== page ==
The Proposed Capital Gains Tax Changes:

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How Conservative/Private Sector Disinformation Campaigns, Public Ignorance and Poor Government Communications Are Once Again Putting a Good Policy At Risk

Here we go again. The most effective and least costly option to fight climate change – the carbon pricing system introduced by the Trudeau Liberal government – is now in serious danger of losing its previously widespread public support, and even of being eliminated by a future Conservative government committed to its foolhardy “Axe the Tax” plank. The reasons for the pricing plan’s rapidly declining level of support are listed in the title of this piece: deliberate disinformation campaigns by the Poilievre Conservatives and several Conservative provincial premiers; the general public’s abysmal ignorance of relevant facts, and the federal government’s apparent inability to devise and stick to a compelling narrative in support of the plan. And let us not forget the role of irresponsible social media, (and some mainstream media desperately vying for attention), in hyping the disinformation, to say nothing of wildly biased advertising campaigns by the private sector, in this particular case the oil industry.

Now we are seeing the same type of misleading mass attack on the federal government’s plan to make changes to the capital gains tax as announced in the recent budget. Small businesses, doctors, cottage owners and private sector innovation and technology companies have all chimed in with dire warnings, full page ads and open letters decrying the potentially ‘disastrous’ impact of these changes. Several Conservative provincial premiers, including Ontario’s Doug Ford, have added their voices to the chorus of criticism. Only federal Conservative leader Pierre Poilievre has been conspicuously silent on the subject, evidently fearing he will be seen by his populist base as a champion of the superrich if he rejects the measure.

This should tell us something. As both the Prime Minister and the Finance Minister took pains to explain at the time, the change will have no impact on 99.87% of Canadians. The 0.13% that will be affected have an estimated average annual income of $1.3 million. For them, the portion of any capital gains over $250,000 that will be taxable is being increased from the existing 50% to 67%. (So, for example, on a capital gain of $350,000 in a given year, the 67% inclusion rate would apply to only $100,00.)

More importantly, this is an inclusion rate, not a tax rate, despite what many Canadians mistakenly believe,(and many critics of the plan apparently want them to continue to believe!) There is no federal income tax rate of 50% never mind 67%. Put another way, in the example above, under the new rule the individual would be required to pay tax on $67,000 of the $100,000, rather than on $50,000 as is currently the case. But the tax RATE he or she would pay on this revenue is another matter entirely. At present, the highest federal tax bracket for individual income tax is 37%. Thus hypothetically the individual would pay no more than 37% on $67,000, (rather than on $50,000), or roughly $8,000 more than under the current system. (And if the gain is made jointly, for example in the case of cottage ownership, the inclusion rate is doubled to $500,000 and the tax owing will likely be halved.) Not many people would call this overly burdensome for the wealthiest among us.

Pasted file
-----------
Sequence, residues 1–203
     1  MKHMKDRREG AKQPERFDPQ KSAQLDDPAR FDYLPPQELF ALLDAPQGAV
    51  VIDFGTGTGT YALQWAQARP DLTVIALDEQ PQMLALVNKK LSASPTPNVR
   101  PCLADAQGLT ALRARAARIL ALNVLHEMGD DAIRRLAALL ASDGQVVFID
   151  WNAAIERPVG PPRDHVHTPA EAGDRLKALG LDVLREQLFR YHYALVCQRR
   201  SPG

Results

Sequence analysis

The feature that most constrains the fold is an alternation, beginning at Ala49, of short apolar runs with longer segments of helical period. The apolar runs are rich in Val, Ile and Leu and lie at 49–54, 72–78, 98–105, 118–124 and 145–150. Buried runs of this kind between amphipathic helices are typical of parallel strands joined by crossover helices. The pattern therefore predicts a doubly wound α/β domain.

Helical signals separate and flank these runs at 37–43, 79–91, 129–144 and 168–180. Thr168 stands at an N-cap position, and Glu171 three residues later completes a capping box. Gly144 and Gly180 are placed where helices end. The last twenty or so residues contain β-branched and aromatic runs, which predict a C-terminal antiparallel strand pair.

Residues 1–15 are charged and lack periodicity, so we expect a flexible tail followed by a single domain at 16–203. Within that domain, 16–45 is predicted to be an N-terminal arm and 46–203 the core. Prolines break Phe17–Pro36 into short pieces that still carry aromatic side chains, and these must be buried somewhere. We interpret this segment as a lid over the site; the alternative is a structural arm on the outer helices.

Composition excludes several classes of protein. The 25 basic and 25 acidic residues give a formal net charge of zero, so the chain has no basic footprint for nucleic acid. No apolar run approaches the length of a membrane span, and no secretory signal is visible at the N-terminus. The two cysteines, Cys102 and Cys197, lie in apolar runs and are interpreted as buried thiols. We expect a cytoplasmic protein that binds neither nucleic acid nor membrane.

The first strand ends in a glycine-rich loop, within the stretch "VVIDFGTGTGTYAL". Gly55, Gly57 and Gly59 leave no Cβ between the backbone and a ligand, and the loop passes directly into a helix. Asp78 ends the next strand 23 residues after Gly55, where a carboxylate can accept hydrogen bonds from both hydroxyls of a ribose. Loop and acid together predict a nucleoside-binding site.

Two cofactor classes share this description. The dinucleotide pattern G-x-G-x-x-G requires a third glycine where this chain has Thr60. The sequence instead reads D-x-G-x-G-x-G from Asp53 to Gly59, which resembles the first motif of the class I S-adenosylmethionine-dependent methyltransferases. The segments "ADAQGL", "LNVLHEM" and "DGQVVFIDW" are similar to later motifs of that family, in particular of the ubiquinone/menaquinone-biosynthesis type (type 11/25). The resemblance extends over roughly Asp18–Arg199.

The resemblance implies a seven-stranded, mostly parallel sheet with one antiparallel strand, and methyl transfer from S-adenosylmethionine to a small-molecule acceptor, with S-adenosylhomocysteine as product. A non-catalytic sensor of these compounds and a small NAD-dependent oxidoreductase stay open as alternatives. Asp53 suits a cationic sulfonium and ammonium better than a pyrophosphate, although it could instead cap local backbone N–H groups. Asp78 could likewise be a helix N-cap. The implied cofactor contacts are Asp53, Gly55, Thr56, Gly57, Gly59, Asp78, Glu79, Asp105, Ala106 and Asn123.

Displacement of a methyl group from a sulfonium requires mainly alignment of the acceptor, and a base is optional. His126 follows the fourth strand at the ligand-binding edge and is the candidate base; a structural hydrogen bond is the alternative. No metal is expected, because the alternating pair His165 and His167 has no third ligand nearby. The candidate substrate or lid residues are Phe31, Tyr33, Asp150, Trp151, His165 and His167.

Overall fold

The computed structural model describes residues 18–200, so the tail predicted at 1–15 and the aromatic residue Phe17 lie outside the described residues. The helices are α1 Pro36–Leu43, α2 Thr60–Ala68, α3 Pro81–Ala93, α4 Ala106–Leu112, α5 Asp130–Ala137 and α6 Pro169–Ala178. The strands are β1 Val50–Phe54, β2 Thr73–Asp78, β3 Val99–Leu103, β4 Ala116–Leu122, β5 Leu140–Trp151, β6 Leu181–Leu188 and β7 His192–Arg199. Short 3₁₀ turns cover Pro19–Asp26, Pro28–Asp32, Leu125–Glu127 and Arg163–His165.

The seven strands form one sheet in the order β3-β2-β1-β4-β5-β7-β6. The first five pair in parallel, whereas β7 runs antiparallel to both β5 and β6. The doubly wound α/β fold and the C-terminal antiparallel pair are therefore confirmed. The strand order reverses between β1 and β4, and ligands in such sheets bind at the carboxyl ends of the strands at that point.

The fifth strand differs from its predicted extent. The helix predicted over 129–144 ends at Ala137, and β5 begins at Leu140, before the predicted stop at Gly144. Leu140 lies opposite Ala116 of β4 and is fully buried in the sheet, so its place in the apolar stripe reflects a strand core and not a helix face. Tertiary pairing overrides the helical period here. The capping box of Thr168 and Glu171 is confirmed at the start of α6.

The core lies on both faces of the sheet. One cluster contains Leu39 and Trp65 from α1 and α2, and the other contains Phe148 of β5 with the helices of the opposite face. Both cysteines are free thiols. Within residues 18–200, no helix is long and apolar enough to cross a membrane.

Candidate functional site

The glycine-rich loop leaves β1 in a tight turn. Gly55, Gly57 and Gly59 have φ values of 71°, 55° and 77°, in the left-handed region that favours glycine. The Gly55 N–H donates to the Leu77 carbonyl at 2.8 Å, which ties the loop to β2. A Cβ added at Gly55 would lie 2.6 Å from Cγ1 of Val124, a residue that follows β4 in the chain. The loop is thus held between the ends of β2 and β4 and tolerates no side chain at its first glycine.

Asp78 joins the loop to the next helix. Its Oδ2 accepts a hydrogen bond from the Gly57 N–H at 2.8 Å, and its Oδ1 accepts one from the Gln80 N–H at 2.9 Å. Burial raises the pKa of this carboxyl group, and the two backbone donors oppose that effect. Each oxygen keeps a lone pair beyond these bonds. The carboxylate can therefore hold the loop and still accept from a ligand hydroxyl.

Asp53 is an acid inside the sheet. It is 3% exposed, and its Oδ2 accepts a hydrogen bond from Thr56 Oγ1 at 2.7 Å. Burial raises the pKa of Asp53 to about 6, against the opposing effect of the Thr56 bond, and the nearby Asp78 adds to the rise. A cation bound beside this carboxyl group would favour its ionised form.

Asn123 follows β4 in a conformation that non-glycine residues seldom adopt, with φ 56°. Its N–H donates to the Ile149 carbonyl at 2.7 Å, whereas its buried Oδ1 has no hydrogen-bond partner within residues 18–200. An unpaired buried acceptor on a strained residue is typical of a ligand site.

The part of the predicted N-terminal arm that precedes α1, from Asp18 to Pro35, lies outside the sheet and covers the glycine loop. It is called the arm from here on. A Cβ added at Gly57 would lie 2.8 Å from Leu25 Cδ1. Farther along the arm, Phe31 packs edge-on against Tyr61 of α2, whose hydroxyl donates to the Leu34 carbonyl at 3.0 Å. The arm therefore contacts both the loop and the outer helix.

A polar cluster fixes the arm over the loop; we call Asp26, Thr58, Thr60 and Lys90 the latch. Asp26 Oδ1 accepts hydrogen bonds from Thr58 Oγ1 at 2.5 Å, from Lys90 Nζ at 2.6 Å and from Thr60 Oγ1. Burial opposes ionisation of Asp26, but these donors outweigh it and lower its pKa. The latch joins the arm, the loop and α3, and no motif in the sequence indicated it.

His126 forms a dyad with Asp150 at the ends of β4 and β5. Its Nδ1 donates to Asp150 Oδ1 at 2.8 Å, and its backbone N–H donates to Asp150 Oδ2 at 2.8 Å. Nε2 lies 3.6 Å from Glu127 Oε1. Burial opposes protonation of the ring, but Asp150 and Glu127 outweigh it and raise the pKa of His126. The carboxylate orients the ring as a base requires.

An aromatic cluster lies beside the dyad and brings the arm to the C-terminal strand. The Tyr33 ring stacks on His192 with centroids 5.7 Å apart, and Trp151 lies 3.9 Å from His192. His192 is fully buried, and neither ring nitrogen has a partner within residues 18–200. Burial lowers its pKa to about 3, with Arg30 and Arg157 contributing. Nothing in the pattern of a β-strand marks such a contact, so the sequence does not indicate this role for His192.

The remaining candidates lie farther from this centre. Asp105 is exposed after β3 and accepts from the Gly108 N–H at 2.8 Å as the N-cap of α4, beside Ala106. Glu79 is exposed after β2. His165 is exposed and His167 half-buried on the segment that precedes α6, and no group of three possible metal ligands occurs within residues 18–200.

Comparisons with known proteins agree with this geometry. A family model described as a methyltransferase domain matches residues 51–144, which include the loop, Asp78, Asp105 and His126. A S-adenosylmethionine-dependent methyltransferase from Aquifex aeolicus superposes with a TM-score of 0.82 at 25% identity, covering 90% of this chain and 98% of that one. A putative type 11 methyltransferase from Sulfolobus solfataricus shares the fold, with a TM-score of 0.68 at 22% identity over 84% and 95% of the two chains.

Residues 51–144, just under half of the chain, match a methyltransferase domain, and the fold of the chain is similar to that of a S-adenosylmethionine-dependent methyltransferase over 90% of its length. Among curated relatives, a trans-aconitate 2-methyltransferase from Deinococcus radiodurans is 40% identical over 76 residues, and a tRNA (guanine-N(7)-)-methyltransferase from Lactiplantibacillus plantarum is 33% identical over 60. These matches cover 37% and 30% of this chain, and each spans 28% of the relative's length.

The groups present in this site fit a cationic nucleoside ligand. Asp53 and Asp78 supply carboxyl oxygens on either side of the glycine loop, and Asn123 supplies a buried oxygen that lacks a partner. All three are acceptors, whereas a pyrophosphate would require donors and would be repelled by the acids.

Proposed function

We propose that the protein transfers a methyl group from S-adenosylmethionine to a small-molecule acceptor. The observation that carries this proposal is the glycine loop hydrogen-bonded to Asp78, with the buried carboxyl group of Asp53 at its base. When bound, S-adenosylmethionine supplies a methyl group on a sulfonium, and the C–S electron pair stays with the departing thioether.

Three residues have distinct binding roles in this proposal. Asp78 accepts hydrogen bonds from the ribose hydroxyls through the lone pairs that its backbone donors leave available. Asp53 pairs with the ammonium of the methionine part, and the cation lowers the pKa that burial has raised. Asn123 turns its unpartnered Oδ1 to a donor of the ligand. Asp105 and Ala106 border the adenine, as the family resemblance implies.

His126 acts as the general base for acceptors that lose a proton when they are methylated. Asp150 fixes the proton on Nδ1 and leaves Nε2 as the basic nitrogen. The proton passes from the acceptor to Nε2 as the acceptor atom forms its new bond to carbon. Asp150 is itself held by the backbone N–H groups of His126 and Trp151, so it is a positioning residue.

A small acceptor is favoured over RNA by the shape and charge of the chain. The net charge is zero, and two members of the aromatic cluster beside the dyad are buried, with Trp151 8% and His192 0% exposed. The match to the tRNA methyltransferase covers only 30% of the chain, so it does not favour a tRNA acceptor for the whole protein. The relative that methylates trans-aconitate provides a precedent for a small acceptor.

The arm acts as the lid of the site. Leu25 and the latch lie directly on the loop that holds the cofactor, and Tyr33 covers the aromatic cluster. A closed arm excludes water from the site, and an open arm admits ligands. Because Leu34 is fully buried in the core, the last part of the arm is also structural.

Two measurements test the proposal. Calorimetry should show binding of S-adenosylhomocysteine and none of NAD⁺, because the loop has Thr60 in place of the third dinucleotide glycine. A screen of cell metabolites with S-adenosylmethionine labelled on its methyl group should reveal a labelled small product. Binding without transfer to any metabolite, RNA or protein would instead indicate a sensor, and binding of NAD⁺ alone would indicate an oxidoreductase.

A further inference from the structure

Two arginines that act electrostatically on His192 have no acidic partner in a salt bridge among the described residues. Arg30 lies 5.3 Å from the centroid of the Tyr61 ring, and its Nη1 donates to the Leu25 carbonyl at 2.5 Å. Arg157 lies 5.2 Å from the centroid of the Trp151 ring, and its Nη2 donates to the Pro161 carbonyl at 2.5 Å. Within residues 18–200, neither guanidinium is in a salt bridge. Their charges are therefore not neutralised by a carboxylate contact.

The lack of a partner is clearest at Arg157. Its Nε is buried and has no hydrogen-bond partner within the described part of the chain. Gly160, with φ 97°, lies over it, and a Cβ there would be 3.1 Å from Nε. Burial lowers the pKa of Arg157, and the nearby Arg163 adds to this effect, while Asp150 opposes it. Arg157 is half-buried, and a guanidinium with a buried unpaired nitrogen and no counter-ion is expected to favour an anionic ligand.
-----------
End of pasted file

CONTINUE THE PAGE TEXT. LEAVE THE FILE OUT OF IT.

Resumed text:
Even more significant in terms of tax fairness (the theme of the budget) is the fact that under the current system individuals making the same amount of income in a given year are paying much different taxation rates. As one columnist noted in a piece of admirable simplicity, far better than a certain academic could do:

A person in Ontario who earns a salary of $300,000 a year, (putting them in the top income tax bracket), and gets a raise of $1, will lose 53.5 cents of that dollar to federal and provincial income tax.  But if that income was capital gains, they’d lose half as much – less than 27 cents.  Employment income such as a salary…is subject to a 100% inclusion rate. Ditto money from an RRSP. Ditto money from a pension. (BUT) capital gains get preferential treatment. The Trudeau government is proposing to make that treatment less preferential.  [i] 

Sounds fairer to me….

Meanwhile the new inclusion rate will apply to all capital gains realized by large corporations and trusts. This is specifically intended to partially redress a longstanding and well-known issue of unfairness in our tax system, namely payment of senior executives in stock options.  (Again, keep in mind the budget theme is tax fairness for all.)  In a report commissioned by Canadians for Tax Fairness prepared by the Canadian Centre for Policy Alternatives, the authors found that many large corporations now pay their top five executives more than they pay in total in corporate income tax. And the executives, in turn, pay far less in income tax than many Canadians of lower incomes. As the report stated: